The Blended Learning Ecosystem of an Academic Institution in Greece

The Blended Learning Ecosystem of an Academic Institution in Greece

Mara Nikolaidou (Harokopio University of Athens, Greece), Chryssa Sofianopoulou (Harokopio University of Athens, Greece), Nancy Alexopoulou (Harokopio University of Athens, Greece), Kostas Abeliotis (Harokopio University of Athens, Greece), Vassilis Detsis (Harokopio University of Athens, Greece), Christos Chalkias (Harokopio University of Athens, Greece), Katia Lasaridi (Harokopio University of Athens, Greece) and Dimosthenis Anagnostopoulos (Harokopio University of Athens, Greece)
DOI: 10.4018/jwltt.2010070102
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Abstract

Blended learning has been recognized as the most promising emerging trend in higher education, offering new capabilities, as it may significantly enhance the interaction and communication between instructors and students. The challenge of blended learning is to balance weaknesses and strengths of face-to-face and e-learning teaching environments and effectively combining them to provide enhanced learning capabilities. Its success should benefit instructor-student relation. To this end, the authors adopt ecosystem-based approach to model the blended learning environment and identify its constituents, i.e., instructors, students, consultants, technology. and their evolving relations. The proposed concept was utilized to explore the potential of blended learning in the academic environment. A study was conducted at Harokopio University of Athens over a period of three years to explore the relations between blended learning ecosystem constituents, focusing on instructor -student relation.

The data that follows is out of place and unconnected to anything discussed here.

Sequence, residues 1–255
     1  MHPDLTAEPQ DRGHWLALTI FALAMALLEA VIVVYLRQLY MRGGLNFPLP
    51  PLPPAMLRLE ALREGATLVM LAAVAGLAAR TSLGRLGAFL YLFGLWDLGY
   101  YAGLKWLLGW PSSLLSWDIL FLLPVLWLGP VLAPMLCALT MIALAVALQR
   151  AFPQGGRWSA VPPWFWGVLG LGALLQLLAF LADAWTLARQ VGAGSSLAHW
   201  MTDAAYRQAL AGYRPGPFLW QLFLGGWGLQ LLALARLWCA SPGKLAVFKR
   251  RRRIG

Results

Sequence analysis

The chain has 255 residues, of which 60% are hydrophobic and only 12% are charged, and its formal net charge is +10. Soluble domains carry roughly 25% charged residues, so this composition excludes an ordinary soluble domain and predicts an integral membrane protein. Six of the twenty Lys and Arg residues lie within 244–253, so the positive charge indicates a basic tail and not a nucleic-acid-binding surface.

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Introduction

The term “blended learning” is being frequently used in both academic and corporate institutions during the last few years. As stated in Rooney (2003), the American Society of Training and Development identified blended learning as one of the top ten trends to emerge in the knowledge delivery sector. Blended learning has also been widely recognized as the most promising emerging trend in higher education (Bonk et al., 2006; Garrison & Hanuka, 2004; Young, 2002). Blended learning offers new capabilities for education, as it may significantly enhance the interaction and communication between educators and learners. There were many efforts to define blended learning (Bonk et al., 2006). In the following, we adopt the definition presented by Graham (2006), according to which Blended Learning or Hybrid Learning is defined as the combination of face-to-face with computer-mediated instruction, identifying the central role of computer-based technology in the delivery of knowledge. In practice, one could realize blended learning as e-learning methods combined with traditional face-to-face teaching (So & Bush, 2008; Olapirivakul & Sher, 2006; Bonk et al., 2006).

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